IAM Boeing workers narrowly approve 8-year contract extension

SEATTLE – After a high-pressure campaign from area politicians and Boeing and over unanimous opposition from the local union’s leaders, Machinists who work for Boeing in the Puget Sound area, around Portland, Ore., and in Wichita, Kansas, narrowly approved an eight-year contract extension, from 2016 through 2024, with the giant aircraft maker.  The ratio was 51 – 49 percent.

Boeing strongly pushed the extension offer, and Machinists President Thomas Buffenbarger told District Lodge 751, which represents the aircraft manufacturer’s 31,000 IAM workers, to hold the Jan. 3 vote.  He did not outright endorse the extension, but hailed the result, which keeps construction of the firm’s new 777X passenger aircraft – and the jobs building its wings and fuselage – in the Pacific Northwest.

“IAM members have built Boeing aircraft in Puget Sound for more than 60 years. This agreement assures they’ll continue building them for decades to come,” said Buffenbarger. 

“After weeks of robust debate, IAM members at Boeing made decisions they felt were in the best interest of their careers. Despite individual differences, I believe this vote preserves thousands of good-paying IAM jobs, while assuring the success of the 777X program.”

The workers rejected another Boeing offer, in November, by a two-to-one ratio.  Lodge 751 leaders, then and in the January vote, opposed the contract extension because it ends Boeing’s contributions to their current, traditional defined benefit pension plan, and freezes it for present members. It also bars new workers from joining that plan, replacing it with a 401(k).

Boeing sweetened the pot with thousands of dollars in bonuses per worker and, more importantly, by saying that ratification of the extension would keep up to 10,000 jobs in the Pacific Northwest, with workers there building the 777X.  And some of the Wichita aircraft construction jobs would move to Seattle.  Buffenbarger estimated the value of the revised extension at $5 billion over eight years.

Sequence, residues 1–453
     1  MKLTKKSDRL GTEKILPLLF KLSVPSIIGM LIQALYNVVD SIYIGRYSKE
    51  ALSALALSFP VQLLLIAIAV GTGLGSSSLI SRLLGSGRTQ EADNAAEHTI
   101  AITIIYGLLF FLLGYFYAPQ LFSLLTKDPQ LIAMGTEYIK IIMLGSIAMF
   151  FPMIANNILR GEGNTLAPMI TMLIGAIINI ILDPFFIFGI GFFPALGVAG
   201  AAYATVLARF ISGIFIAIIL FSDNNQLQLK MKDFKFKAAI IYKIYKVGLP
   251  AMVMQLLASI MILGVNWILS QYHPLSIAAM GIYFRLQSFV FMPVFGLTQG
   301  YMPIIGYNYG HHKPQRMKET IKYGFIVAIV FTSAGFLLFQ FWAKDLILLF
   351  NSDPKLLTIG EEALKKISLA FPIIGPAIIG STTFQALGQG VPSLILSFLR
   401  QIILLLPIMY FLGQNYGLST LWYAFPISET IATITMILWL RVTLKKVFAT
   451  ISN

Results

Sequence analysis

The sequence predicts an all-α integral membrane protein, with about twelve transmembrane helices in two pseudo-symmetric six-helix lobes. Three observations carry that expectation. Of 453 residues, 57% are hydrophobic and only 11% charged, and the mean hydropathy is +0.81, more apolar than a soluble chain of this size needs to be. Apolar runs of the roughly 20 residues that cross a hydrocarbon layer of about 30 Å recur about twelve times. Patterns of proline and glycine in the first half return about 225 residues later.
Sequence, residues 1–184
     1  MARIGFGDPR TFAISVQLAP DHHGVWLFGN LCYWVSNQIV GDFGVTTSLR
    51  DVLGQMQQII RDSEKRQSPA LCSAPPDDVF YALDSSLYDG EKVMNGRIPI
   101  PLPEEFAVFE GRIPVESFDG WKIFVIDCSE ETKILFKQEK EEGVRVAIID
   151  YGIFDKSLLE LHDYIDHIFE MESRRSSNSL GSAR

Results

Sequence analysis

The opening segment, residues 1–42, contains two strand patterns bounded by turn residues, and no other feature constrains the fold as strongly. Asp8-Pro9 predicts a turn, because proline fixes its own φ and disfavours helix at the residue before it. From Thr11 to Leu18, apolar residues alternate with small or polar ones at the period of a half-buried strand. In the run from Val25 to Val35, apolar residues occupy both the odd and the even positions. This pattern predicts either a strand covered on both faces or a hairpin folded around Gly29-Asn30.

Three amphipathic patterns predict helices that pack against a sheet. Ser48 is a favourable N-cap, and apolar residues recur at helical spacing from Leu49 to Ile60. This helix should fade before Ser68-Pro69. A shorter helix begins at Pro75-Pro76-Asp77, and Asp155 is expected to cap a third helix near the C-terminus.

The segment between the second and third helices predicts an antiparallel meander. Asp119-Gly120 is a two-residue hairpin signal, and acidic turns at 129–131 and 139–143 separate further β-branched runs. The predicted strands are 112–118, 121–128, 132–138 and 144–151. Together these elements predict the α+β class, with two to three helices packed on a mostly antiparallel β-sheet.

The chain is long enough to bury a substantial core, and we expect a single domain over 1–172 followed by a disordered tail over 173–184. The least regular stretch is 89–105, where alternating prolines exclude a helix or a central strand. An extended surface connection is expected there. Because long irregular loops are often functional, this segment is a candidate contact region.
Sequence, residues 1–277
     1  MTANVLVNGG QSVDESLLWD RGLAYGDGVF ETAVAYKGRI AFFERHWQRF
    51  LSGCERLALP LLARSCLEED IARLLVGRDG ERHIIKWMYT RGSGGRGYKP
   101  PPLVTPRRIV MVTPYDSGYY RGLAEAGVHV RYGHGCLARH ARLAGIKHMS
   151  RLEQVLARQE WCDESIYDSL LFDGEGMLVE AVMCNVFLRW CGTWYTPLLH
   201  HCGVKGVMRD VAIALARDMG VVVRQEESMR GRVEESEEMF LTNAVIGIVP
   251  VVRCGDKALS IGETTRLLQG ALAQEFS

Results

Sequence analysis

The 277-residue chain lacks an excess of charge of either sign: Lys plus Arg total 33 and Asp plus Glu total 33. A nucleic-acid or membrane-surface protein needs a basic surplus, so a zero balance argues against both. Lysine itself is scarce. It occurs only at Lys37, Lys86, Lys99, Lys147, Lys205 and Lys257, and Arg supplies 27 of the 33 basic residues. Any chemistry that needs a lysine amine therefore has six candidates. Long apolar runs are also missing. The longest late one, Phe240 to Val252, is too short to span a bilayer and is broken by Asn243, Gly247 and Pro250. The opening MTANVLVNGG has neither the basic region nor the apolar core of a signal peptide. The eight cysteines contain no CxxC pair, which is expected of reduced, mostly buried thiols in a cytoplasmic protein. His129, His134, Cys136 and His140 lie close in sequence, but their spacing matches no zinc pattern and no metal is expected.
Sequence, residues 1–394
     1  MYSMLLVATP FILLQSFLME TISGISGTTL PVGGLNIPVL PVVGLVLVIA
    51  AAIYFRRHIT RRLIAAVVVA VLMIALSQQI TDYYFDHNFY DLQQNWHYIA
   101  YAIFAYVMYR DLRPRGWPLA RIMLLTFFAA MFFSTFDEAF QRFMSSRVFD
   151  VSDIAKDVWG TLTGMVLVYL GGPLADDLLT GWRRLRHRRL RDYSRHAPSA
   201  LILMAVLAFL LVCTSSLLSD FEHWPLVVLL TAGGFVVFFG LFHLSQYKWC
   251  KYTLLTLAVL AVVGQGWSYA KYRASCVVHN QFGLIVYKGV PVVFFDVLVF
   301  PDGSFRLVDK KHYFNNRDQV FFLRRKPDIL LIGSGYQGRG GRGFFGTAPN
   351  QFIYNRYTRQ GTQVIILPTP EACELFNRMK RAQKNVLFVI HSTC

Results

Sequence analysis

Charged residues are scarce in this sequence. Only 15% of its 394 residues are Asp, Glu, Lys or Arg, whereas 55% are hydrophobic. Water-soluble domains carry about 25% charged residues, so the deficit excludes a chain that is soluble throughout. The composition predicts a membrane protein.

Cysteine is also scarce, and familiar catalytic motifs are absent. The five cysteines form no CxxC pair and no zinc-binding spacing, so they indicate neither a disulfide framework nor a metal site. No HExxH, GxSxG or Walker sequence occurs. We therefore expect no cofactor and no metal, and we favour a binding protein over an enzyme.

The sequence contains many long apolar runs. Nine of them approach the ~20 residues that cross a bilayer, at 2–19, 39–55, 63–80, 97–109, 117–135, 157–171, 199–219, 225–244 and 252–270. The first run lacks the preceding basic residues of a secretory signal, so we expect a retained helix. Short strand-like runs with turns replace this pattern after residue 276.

Had the extension lost, Boeing planned to accept offers – some of them lavish – from other states to transfer the 777X work.  For example, labor and business joined to convince the Republican-dominated Missouri legislature to offer a $3.5 billion package to transfer the 777X work to the unionized Boeing plant in St. Louis.

Washington state officials countered with $8.7 billion in “incentives” for Boeing and high-profile political support for the contract extension.  But almost half of IAM workers were upset – and comments on IAM 751’s website showed it.

Lodge 751 member David L. Sweet responded: “This is a dark day for this union and this company…This is total garbage.  The long arm of Boeing can buy anything.”

“There’s plenty of aviation work in the world,” Kevin Flynn, an aviation maintenance technician inspector, told local media.  He filed a complaint against the national IAM with the National Labor Relations Board for ordering the vote after the first extension bid lost. “I’ll just have to move to where the work is.”

“Our members have spoken and this is the course we’ll take,” said an unhappy Lodge 751 President Tom Wroblewski.  Local leaders unanimously opposed approving the extension.

“All along we knew that our members wanted to build the 777X, and that it was in Boeing’s best interest to have them do it.  We recommended our members reject the offer because we felt the cost was too high, in terms of our lost pensions and thousands of dollars in additional health care costs we’ll have to pay each year,” he added.

“You need to look at the facts of the economic destruction you would have to live under for the next 11 years, without any opportunity to change any provisions of the contract,” the lodge president and the union bargainers warned Lodge 751 members in a letter before the Jan. 3 vote.

“We also want to point out Boeing’s ultimatum demanding these concessions comes at a time when the company is experiencing record profits and backlogs, not to mention the $10 billion stock buyback the Boeing board approved just this last week.

“There’s no clear statement of work, and the language in the Boeing proposal clearly states the company reserves the right to subcontract or outsource ‘certain 777X work packages in whole or part,'” their letter added.  “Boeing leaders have told us they do not intend to use any of our current wing line mechanics to do 777X wing work, which will directly affect all of you who build wings.

“Boeing’s proposals on pay and benefits will mean decreases in your take home pay.  Your monthly health care premiums will go up at least 10 percent each year, while you’ll see guaranteed wage increases averaging only 0.5 percent from 2016 to 2024.”

Photo: Boeing company plant. Reed Saxon/AP



Press Associates Union News Service provides national coverage of news affecting workers, including activism, politics, economics, legislation in Congress and actions by the White House, federal agencies and the courts that affect working people. Mark Gruenberg is Editor in chief and owner of Press Associates Union News Service, Washington, D.C.